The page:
Reading this story, I always have to ask myself, why don't these type of people run for office. Then I realize that TRUTH is not popular here in New Orleans. Hype & lies are better served. This story, and the words of this lady proves and solidifies my committment to continue to fight against the corruption waging war against our children. Even though, the criminal act against the lady was horrendous, this writer never harped on it, but instead chose to display the grace only ANGELS are permitted to show man. And with that said, all I can say is Thank You! And to the person named Gene, who posted that TRUTH, thank you also, because some of us, can't seem to figure out why the violence is getting out of control, and yet, all we gotta do is look who's in City Hall - and there's your answer!

Oct 24, 2013 05:24 am
 Posted by  ChevySnivay

I Love New Orleans, I visited Last year for my graduation. I Enjoyed all the New Orleans native's hospitality, I've been to New Orleans many times when i was younger so i know what areas to avoid. I partied most at night, and enjoyed all the food and culture during the day, but most importantly no one can Parade like New Orleans. :) #MardiGras#

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Joie d'Eve

Living, loving, laughing, and learning in the new New Orleans

about

Eve is further proof, if any is needed, that New Orleans girls can never escape the city. After living here since the age of 3 and graduating from Ben Franklin High School, Eve moved to Columbia, Mo., where she received bachelor’s and master’s degrees from the Missouri School of Journalism and became truly, unhealthily obsessed with grammar.

She had originally intended to strike out to New York City and work in the cutthroat magazine industry there, but after Katrina, Eve felt a strong pull to return home, to her roots, her family, her waterlogged and struggling city – and a much more forgiving work atmosphere that would allow her to skip a routine of everyday makeup and size 0 designer label business suits and enjoy the occasional cocktail or three with an absurdly fattening lunch. She moved back home in January 2008 and lives in Mid-City with her two daughters, Ruby and Georgia; her stepson, Elliot; and her husband, Robert Peyton.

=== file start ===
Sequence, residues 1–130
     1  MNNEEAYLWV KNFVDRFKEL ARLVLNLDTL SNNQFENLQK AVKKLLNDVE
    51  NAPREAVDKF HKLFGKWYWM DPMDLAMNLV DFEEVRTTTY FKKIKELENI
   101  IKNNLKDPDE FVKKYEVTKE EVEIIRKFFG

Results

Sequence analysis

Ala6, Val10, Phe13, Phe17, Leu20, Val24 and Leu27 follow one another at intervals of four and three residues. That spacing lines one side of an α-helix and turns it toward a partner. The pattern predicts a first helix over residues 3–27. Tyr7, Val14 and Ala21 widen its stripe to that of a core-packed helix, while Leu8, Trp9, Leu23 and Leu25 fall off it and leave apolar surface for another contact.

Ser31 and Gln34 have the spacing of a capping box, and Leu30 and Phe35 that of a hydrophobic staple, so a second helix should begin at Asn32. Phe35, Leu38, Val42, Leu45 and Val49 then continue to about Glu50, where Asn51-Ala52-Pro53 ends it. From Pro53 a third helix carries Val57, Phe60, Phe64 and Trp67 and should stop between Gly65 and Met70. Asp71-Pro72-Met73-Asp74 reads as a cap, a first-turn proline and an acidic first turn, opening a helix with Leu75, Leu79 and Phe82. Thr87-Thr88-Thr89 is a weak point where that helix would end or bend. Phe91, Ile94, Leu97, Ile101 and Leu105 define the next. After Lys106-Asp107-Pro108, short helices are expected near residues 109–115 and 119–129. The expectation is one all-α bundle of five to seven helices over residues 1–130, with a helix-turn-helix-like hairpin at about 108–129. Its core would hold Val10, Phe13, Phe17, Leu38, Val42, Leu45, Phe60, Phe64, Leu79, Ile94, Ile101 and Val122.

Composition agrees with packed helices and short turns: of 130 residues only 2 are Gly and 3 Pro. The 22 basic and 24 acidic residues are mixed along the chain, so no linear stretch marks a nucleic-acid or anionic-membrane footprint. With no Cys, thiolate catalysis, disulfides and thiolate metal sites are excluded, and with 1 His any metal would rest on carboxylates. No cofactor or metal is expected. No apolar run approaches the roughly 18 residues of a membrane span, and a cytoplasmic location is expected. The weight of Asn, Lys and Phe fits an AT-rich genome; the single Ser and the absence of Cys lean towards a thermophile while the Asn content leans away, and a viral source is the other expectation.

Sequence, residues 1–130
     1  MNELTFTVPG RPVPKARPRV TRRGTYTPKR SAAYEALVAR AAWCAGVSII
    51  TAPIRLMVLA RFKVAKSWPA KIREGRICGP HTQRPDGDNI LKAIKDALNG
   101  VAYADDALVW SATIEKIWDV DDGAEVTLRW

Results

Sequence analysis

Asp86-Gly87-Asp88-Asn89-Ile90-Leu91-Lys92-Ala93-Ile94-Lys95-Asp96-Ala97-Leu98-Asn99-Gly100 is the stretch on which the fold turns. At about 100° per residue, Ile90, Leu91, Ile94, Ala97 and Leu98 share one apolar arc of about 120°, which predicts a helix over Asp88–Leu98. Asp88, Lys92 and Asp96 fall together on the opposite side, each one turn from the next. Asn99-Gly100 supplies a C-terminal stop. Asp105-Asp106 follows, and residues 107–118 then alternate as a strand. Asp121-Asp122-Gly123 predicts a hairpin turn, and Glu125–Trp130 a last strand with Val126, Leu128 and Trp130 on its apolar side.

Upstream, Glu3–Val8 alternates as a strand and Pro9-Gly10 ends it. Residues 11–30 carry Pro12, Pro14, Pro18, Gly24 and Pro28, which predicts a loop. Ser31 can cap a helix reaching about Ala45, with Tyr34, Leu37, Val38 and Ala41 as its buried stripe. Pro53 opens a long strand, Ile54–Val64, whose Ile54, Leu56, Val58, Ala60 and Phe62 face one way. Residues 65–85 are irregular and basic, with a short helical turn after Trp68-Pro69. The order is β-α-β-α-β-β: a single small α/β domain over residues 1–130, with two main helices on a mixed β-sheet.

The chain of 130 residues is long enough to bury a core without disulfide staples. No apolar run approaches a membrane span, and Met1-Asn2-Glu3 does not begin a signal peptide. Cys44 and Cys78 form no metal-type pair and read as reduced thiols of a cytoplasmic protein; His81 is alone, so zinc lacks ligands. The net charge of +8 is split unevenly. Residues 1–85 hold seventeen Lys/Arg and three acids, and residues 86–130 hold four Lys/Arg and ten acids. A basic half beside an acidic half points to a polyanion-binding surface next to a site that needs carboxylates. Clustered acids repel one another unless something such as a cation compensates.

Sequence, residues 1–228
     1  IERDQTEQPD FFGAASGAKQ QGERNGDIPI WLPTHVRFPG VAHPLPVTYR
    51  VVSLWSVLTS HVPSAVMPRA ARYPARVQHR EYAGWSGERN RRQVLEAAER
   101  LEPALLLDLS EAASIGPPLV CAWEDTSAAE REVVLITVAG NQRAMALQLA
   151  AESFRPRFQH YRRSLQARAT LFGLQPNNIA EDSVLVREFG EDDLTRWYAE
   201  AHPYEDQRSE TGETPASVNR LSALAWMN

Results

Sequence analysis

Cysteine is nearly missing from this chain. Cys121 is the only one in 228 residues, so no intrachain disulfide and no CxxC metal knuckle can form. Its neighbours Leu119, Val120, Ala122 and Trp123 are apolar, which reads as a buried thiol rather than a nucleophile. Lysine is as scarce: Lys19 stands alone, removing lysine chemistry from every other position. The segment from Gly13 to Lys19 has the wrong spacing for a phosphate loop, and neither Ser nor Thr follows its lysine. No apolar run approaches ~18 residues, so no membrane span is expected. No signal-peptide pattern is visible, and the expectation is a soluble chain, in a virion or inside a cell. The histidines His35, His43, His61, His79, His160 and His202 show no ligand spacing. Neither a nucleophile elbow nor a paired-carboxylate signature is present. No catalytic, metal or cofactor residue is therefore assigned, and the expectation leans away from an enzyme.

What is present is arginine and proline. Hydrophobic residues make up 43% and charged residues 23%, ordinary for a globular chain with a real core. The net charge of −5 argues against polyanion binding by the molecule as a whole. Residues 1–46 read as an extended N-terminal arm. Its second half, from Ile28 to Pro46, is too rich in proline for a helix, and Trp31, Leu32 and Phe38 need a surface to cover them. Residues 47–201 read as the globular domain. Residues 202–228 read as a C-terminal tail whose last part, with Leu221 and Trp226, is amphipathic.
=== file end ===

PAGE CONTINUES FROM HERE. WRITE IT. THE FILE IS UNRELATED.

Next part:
Eve blogs about the joys and struggles of living in post-Katrina New Orleans, the unique problems and delights of raising a child in such a diverse and challenging city – including her experiences with the public education system – and her always entertaining and extremely colorful family.

Eve has won numerous writing awards, including the Pirates Alley Faulkner Society Gold Medal, the Society of Professional Journalists Mark of Excellence award for column-writing and Press Club of New Orleans awards for her Editor’s Note in New Orleans Homes & Lifestyles and for this blog, most recently winning the award for "Best Feature Affiliated Blog."

She welcomes comments, advice, empty flattery, recipes, drink invitations and – most especially – grammatical or linguistic debates.